I love reading and have been developing the discipline since 2012 when a group of ladies at my church decided to start a book club. Though the group eventually disbanded, my reading continued. As I read more, I try to push myself into genres that are less comfortable for me. I have found over the years that I struggle with older books for a variety of reasons, but at the same time I love having read the classics. So this year I set out to read A Christmas Carol. I bought a copy which just so happened to come in a collection of Dickens' holiday stories. Who knew there were others?
I did not read them all, but I read The Chimes, which was definitely more challenging to enjoy because I was more unfamiliar with the story than A Christmas Carol. One character stood out, a man who wanted to make sure that all his debts were paid before entering the New Year. Did I say "wanted"? I mean he was piously obsessed with the idea and judged anyone who might not be able to do the same. Convicted, I managed to come to terms with the fact that I have a mortgage that won't be paid off in 2020 and one credit card carrying a balance into the new year.
But another idea struck me, that there may be non-financial areas that I am indebted, and these matters could be tended to before the clock strikes midnight tonight. So here I am, at almost noon on December 31, working through my To Do List.
This year was unprecidented in many ways, none of which I need to rehash here. However, thinking about the last 365 days of my life, I can honestly say that I have seen God move in ways I never expected. My 2020 goal was to give careful thought to my ways from Haggai 1:5. When I chose this focus for 2020, I had no idea what the year had in store. I mean, come on, did any of us? However, I've give a lot of thought to a lot of things because of the significant challenges faced in 2020. Most of my thought has been in how I do things. And from time to time, expecially in some of the earlier times, I thought of how I want to do things (as in, how I want to do things when all of this is over). To date, I’ve given little thought to how I used to do things. In fact, I don't think I would have even begun to think about how I used to do things if it hadn't been for two unrelated people who mentioned the idea to me relatively close together.
In considering past behavior, I’m not advocating that people can’t/don’t change. However, types of changes and reasons for those changes may be insightful. For example, if your youth was filled with nature and exploration, but you no longer participate in these activities, you may learn that you’ve given up on a pastime that helped you relax and stay healthy. Alternatively, you may have developed allergies and decided it was no longer worth the effort to prevent rashes and sneezing. Theses two responses are markedly different. In considering how you used to do things you give yourself the opportunity to measure your changes - for better or worse.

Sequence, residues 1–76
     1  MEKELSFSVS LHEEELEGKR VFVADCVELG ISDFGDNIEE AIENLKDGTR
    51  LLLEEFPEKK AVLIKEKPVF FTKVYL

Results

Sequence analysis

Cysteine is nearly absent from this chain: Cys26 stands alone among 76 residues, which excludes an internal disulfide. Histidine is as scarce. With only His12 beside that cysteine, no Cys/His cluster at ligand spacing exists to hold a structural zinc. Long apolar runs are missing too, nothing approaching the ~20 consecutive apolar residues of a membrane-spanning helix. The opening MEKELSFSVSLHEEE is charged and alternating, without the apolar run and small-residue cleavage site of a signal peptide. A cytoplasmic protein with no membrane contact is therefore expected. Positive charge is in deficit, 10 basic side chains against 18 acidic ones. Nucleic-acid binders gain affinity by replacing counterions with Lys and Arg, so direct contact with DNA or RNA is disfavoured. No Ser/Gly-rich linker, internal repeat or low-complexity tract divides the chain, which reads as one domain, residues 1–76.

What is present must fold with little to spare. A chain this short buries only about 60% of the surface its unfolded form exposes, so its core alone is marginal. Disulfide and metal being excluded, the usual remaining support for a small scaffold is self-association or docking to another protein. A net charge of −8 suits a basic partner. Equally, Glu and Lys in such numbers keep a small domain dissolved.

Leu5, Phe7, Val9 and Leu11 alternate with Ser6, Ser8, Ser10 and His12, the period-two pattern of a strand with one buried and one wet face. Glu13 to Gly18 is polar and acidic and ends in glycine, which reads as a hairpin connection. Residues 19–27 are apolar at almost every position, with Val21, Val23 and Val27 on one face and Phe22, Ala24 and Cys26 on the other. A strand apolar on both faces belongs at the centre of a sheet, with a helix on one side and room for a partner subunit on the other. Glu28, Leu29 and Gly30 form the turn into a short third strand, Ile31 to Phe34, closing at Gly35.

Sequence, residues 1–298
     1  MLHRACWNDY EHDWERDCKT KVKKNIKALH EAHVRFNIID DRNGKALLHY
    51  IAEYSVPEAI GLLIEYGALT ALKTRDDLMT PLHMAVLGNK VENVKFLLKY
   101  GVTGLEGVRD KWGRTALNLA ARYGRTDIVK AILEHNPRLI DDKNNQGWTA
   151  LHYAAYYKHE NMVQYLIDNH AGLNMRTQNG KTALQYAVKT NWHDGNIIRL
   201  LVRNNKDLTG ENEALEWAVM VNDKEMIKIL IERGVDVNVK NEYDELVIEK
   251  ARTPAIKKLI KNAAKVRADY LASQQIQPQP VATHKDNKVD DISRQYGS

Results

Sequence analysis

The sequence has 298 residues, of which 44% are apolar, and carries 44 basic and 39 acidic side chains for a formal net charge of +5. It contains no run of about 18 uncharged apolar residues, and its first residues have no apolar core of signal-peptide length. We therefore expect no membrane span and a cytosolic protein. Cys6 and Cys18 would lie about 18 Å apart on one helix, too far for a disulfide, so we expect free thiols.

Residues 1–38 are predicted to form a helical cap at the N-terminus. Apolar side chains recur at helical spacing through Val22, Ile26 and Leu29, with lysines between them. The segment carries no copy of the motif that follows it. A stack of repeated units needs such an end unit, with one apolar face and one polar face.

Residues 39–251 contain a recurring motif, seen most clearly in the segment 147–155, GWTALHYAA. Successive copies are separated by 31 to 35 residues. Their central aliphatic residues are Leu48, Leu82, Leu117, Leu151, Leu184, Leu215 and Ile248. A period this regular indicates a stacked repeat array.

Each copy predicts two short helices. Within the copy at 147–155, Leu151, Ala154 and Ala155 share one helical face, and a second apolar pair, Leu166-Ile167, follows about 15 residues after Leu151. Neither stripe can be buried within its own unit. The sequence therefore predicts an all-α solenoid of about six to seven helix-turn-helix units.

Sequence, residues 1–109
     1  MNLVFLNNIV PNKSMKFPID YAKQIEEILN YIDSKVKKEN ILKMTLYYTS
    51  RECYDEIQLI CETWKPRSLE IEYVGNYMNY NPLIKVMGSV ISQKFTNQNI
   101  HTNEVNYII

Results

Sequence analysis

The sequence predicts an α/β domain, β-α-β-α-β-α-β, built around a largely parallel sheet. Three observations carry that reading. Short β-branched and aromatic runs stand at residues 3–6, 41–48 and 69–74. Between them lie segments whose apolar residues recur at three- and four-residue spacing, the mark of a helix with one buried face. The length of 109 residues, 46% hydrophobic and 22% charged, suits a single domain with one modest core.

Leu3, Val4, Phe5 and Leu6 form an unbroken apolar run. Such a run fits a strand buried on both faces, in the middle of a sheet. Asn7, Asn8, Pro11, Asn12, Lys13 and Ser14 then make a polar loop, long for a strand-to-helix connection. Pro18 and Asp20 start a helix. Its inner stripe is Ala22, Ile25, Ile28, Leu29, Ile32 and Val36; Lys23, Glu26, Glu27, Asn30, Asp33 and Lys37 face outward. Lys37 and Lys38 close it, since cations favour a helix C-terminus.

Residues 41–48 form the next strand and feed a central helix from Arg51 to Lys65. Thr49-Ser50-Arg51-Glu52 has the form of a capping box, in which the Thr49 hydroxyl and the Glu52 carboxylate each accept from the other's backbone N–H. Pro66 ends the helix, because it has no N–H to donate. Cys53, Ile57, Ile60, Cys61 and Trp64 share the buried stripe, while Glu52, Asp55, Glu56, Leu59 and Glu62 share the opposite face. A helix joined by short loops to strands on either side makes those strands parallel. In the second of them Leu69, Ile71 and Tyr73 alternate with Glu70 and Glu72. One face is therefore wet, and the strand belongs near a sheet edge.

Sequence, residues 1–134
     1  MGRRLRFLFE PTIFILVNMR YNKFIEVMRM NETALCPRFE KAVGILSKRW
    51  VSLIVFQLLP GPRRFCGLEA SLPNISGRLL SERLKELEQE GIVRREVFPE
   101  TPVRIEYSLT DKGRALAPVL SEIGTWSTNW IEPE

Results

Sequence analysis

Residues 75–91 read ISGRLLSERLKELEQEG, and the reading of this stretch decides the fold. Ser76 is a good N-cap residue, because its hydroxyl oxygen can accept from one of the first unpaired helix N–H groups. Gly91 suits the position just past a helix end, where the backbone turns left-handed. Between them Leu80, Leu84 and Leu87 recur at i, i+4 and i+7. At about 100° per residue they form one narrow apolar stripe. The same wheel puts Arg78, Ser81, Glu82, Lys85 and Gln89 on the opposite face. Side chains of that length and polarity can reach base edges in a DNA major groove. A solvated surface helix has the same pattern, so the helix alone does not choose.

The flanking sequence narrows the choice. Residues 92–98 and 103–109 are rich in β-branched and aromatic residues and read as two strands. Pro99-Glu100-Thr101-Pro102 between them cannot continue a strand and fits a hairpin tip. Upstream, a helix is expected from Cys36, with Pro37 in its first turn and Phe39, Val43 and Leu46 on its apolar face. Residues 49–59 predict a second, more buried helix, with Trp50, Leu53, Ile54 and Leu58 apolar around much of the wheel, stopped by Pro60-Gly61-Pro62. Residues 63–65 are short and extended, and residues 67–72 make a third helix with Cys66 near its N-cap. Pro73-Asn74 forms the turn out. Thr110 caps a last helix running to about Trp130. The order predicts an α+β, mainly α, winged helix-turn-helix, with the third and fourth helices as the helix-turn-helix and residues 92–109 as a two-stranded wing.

So perhaps, the greatest lesson I've learned this year when it comes to considering my ways is the necessity of a holistic approach when doing so. I cannot just look at how things are. Some seasons are unavoidably challenging (hello, 2020?). I could not have done anything to prevent this year from playing out the way it did globally, though I could make choices to impact the way it played out personally. I don't mean in my health necesarily, for we all know that sometimes a person is careful and still gets sick. Moreso, I mean that I can chose to put my faith in God and seek Him in every situation.
It's funny that the words of Haggai seem more fitting today than when I first read them. There seem no better words to end this year with than the ones with which I began:
Now this is what the Lord Almighty says: “Give careful thought to your ways. You have planted much, but harvested little. You eat, but never have enough. You drink, but never have your fill. You put on clothes, but are not warm. You earn wages, only to put them in a purse with holes in it.”
This is what the Lord Almighty says: “Give careful thought to your ways. Go up into the mountains and bring down timber and build my house, so that I may take pleasure in it and be honored,” says the Lord. “You expected much, but see, it turned out to be little. What you brought home, I blew away. Why?” declares the Lord Almighty. “Because of my house, which remains a ruin, while each of you is busy with your own house. Therefore, because of you the heavens have withheld their dew and the earth its crops. I called for a drought on the fields and the mountains, on the grain, the new wine, the olive oil and everything else the ground produces, on people and livestock, and on all the labor of your hands...”Then Haggai, the Lord’s messenger, gave this message of the Lord to the people: “I am with you...” (Haggai 1:5-11,13 NIV)
Indeed, God is with us. In the temple. On the mountain top. And in the drought. God is with us. Amen.